Rising from the Ritual Bath
Reimagining the traditional practice of immersing in the mikveh.
Adler's two articles represent the poles of Jewish women's experience regarding mikveh. From an uncritical acceptance of the ancient laws, Adler moved to an utter rejection of them, expressing the desire to re-imagine the entire Jewish definition of purity. Yet in her later article Adler praises the new and creative uses of mikveh that women have developed in recent years. Rabbi Elyse Goldstein trumpets creative approaches to the mikveh as a way of fundamentally altering the ritual's impact: "We reject its principal import as a tool of marriage and we open up other avenues for meaning...dip on Rosh Chodesh (the new moon)...open the mikveh during the day... turn the mikveh into a Jewish women's learning center...." (Goldstein, Elyse. ReVisions: Seeing Torah Through a Feminist Lens. Key Porter Books, 1998, p. 127-128). The alternative uses of mikveh that women and men have invented clearly play a role, for both traditional and non-traditional Jews, in redefining what mikveh means to the Jewish community.
How have Jewish ritual-makers reconstructed the practice of mikveh in new ways? Elyse Goldstein's early article "Take Back the Waters," published in Lilith in 1986 (vol. 15), was one of the first voices that trumpeted mikveh not as an agent of repurification after menstruation, but as a ritual of rebirth during both joyful and difficult times. Goldstein and others pointed out that the ritual bath, traditionally an agent of cleansing and changing, could be used to mourn a miscarriage, recover from a rape, or seek healing from an illness. Women rabbinical students could immerse in a mikveh to celebrate ordination. Women could use mikveh as men had traditionally used it, to welcome the Sabbath or prepare for the High Holidays. The options were limitless. While for some Jews these options were additions to the traditional ritual, for others, these new practices replaced the menstruation-related uses of the mikveh.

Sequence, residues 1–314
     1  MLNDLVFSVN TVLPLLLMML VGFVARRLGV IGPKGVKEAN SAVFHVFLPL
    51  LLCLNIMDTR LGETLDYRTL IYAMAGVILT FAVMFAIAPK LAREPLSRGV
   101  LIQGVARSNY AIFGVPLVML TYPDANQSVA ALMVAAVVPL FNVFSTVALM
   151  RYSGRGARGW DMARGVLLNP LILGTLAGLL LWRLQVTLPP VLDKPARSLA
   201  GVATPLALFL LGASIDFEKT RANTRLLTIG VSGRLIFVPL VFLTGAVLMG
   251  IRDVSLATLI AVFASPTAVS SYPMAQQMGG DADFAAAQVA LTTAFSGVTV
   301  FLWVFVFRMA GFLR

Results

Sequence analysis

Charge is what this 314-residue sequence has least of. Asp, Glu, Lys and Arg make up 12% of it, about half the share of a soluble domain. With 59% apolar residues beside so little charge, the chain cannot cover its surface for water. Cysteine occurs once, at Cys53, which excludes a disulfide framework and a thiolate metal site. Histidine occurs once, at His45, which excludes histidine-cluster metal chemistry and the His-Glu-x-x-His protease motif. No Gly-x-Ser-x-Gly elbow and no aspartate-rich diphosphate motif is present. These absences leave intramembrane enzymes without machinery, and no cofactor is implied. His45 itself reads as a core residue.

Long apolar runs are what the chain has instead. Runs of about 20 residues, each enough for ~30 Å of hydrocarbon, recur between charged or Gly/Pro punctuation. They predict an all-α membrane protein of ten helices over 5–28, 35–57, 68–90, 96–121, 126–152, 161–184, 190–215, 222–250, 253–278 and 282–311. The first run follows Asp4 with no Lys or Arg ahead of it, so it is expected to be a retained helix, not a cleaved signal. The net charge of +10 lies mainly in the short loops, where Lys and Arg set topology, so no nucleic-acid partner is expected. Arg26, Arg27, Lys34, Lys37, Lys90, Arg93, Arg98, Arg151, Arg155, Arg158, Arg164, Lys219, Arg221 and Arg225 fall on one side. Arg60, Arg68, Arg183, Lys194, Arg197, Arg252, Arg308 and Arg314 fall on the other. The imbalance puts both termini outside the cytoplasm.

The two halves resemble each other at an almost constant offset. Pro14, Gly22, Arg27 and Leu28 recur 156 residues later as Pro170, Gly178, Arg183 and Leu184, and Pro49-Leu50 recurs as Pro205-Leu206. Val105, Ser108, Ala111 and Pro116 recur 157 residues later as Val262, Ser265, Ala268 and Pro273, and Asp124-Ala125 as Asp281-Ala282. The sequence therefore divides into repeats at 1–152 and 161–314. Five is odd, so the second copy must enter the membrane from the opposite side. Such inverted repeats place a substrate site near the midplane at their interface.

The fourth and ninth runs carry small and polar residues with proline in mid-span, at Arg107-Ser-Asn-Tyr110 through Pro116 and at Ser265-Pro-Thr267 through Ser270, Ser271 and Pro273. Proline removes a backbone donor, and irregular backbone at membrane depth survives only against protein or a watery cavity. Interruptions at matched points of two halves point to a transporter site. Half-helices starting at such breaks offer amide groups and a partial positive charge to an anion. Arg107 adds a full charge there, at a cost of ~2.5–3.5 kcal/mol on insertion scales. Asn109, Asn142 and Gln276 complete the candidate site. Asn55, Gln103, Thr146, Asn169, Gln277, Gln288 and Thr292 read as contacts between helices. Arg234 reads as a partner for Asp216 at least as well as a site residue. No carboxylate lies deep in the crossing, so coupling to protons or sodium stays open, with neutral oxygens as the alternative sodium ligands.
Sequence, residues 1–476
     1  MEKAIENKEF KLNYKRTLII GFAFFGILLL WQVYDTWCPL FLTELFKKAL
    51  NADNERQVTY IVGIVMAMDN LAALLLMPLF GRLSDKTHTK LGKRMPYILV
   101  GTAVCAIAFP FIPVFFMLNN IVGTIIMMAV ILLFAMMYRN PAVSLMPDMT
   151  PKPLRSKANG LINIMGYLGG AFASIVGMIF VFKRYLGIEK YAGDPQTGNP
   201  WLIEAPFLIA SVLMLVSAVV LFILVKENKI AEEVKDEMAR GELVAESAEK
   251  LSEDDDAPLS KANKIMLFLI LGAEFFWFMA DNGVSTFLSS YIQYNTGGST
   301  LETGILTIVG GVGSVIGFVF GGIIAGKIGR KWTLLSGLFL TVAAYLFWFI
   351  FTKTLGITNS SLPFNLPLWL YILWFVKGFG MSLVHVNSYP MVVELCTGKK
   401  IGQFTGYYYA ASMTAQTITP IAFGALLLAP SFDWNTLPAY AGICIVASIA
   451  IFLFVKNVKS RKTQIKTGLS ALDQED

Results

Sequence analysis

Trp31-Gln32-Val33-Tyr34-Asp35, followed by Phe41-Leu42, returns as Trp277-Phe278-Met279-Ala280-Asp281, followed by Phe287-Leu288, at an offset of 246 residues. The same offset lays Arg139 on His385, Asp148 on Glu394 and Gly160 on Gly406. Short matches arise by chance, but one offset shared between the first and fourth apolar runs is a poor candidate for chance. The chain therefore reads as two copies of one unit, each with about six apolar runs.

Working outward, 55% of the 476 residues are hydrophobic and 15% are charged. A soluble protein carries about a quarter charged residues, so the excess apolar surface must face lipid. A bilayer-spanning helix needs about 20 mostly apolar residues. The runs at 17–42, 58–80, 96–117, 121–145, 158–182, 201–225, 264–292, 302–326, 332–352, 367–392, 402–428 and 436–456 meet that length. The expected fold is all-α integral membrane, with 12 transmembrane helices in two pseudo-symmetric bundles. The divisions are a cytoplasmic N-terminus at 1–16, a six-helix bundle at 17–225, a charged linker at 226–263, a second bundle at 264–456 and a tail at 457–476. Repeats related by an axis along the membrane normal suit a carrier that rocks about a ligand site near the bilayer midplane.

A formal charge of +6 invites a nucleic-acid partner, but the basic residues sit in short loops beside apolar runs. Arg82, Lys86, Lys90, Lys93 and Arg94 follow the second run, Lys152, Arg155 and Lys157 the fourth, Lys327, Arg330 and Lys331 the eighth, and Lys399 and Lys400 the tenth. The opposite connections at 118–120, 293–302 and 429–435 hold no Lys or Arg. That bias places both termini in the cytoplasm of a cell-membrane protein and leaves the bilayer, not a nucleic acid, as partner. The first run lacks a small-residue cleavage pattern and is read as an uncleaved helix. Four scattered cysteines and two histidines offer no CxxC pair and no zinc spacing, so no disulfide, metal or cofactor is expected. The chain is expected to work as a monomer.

Now many Jewish feminist ritual-makers have composed new prayers and ceremonies using mikveh as a spiritual symbol of rebirth or renewal. Rabbi Laura Geller, Rabbi Lynn Gottlieb, Rabbi Vicki Hollander, and others have written new ceremonies that use mikveh for creative healing or transitional rituals (A Breath of Life, p. 137). Others use mikveh to mark periods of mourning death, divorce, or other traumas. Laura Levitt and Sue Ann Wasserstein movingly recount an immersion ritual meant to heal a woman after the trauma of rape (in Four Centuries of Jewish Women's Spirituality, ed. Ellen Umansky and Dianne Ashton, Beacon Press, 1992, p. 321-326). Some people also use mikveh as the center of a covenanting ceremony for baby girls, connecting the flowing waters with the new baby girl's potential for creativity and life-giving (Fishman, Sylvia Barack. A Breath of Life: Feminism in the American Jewish Community, Brandeis University Press, 1993, p. 125). Arthur Waskow and Phyllis Berman write in their life-cycle book A Time for Every Purpose Under Heaven (Farrar, Strauss, and Giroux, 2002) that mikveh "might provide the pool of meaning through which a baby girl enters the covenant" (p. 24). And some have written new prayers to focus the soul during immersion (Rose, Carol. "Introduction to Kavvanot for the mikveh." Worlds of Jewish Prayer: A Festschrift in Honor of Rabbi Zalman M. Schachter-Shalomi. Eds. Shohama Harris-Wiener and Jonathan Omer-Man. Jason Aronson, 1993).
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